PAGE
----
“Every time I step out on the court now, even though I’m 37 and competing with the 21-year-olds, I still expect myself to win most of the matches, and people expect me to win, whatever, 99% of the matches that I play.” He said.

“I always have to come out on the court and perform my best in order to still be at the level with Carlos [Alcaraz] or Jannik [Sinner] or Sascha [Zverev] or any of those guys, Daniil [Medvedev]. 

“This year hasn’t been that successful for me. It’s probably the weakest results the first six months I’ve had in many years. That’s okay. I had to adapt and accept that and really try to find also way out from the injury that I had and kind of regroup.”

Djokovic hopes that a Wimbledon win will help turn his season around like it has done in the past for him. 

“Wimbledon historically there’s been seasons where I wasn’t maybe playing at a desired level, but then I would win a Wimbledon title and then things would change.” He commented.

“For example, that was the case in 2018 when I had elbow surgery earlier in the year, dropped my rankings out of top 20, losing in fourth round of Australian Open, I think it was quarters of Roland-Garros, and just not playing the tennis that I want to play. Then I won Wimbledon and then won US Open and then later on became No.1 very soon.”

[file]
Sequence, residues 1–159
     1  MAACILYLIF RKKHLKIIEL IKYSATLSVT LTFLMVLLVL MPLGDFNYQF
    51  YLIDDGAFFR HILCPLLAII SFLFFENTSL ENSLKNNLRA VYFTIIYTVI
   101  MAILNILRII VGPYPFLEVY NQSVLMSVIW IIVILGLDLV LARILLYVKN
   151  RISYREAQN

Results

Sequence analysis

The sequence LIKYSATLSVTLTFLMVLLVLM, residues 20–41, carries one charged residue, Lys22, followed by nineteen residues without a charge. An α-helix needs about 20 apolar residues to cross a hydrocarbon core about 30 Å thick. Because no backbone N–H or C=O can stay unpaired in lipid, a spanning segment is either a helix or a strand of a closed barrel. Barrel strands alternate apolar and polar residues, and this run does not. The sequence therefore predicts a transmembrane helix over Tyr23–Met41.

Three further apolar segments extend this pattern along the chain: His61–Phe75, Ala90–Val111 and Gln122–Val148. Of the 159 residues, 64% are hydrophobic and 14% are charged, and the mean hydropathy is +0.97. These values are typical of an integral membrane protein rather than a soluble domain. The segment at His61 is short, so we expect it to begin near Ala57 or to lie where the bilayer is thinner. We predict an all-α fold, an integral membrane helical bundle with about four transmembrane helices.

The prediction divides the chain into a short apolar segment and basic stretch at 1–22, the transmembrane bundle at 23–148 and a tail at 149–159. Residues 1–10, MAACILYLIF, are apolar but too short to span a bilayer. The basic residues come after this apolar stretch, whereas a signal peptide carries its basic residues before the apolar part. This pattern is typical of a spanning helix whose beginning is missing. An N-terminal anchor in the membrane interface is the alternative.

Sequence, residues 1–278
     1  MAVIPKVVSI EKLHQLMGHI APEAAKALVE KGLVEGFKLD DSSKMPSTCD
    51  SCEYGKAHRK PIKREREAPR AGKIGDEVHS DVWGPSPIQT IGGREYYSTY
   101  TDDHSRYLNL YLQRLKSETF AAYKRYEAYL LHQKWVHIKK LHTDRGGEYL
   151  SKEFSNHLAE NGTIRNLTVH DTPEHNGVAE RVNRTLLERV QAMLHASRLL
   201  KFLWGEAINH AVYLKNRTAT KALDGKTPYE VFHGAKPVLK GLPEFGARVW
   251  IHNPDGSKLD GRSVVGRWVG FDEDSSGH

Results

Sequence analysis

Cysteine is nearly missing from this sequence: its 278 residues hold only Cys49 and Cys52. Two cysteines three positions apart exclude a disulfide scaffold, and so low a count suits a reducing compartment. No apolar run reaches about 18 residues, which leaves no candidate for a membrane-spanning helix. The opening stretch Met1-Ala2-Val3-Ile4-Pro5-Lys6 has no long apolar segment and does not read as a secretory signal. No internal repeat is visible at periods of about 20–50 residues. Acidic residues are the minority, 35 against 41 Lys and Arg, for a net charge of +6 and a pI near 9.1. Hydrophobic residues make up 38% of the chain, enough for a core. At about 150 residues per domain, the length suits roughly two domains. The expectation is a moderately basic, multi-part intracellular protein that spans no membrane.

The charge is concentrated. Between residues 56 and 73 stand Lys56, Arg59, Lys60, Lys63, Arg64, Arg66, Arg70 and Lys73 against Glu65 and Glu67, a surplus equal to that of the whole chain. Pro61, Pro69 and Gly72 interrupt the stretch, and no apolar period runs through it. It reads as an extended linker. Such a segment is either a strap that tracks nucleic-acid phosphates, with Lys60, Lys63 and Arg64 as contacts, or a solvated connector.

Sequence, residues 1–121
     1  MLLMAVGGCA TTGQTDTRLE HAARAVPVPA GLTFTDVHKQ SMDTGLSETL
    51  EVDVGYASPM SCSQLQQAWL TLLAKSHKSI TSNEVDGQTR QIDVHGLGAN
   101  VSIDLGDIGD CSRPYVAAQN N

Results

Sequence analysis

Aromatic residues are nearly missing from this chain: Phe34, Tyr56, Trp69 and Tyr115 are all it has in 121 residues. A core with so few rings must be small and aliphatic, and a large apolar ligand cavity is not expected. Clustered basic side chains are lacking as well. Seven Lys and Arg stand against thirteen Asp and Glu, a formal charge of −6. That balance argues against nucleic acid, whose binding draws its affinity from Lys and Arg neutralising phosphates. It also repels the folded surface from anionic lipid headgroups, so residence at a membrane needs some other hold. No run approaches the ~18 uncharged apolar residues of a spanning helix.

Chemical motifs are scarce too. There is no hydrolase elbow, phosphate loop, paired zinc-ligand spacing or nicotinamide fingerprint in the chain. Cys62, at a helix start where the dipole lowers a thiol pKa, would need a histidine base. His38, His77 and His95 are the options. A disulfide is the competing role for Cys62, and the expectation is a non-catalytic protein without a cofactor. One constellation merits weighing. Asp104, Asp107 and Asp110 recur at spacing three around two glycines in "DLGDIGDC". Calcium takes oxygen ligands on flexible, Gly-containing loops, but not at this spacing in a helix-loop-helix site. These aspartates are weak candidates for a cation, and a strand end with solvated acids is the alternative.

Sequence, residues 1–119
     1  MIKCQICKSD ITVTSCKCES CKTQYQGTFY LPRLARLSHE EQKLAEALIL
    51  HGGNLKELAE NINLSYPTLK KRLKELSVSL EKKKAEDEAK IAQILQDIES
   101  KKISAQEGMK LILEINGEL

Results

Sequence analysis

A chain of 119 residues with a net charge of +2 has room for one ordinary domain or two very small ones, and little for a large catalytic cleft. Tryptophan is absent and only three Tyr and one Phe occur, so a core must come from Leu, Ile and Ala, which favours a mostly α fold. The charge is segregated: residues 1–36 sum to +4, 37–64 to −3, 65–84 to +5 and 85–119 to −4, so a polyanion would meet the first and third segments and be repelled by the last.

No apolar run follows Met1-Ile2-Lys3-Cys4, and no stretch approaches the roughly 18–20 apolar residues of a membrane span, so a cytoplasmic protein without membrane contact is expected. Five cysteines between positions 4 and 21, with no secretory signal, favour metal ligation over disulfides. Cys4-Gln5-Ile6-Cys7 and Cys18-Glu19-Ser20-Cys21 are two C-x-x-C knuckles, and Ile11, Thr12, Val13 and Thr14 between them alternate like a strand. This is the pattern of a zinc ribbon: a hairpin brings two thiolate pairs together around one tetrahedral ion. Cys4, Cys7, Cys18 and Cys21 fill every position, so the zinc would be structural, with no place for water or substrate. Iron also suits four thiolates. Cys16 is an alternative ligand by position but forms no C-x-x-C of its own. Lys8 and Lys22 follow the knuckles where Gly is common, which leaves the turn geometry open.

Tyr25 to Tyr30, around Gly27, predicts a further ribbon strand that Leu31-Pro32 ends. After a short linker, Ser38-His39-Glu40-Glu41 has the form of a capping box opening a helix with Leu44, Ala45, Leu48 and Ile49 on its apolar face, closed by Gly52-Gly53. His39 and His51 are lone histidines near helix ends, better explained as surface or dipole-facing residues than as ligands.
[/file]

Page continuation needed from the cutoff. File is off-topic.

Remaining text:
Meanwhile, 21-year-old Alcaraz is hoping to stop Djokovic in his tracks. Should he defend his title at Wimbledon, he would become the first player outside the Big Three to do so since Pete Sampras more than 20 years ago. He has won their only previous meeting on the grass but trails their head-to-head 3-2. 

“I’m sure he knows what he has to do to beat me,” said Alcaraz.

“But I’m ready to take that challenge and I’m ready to do it well.”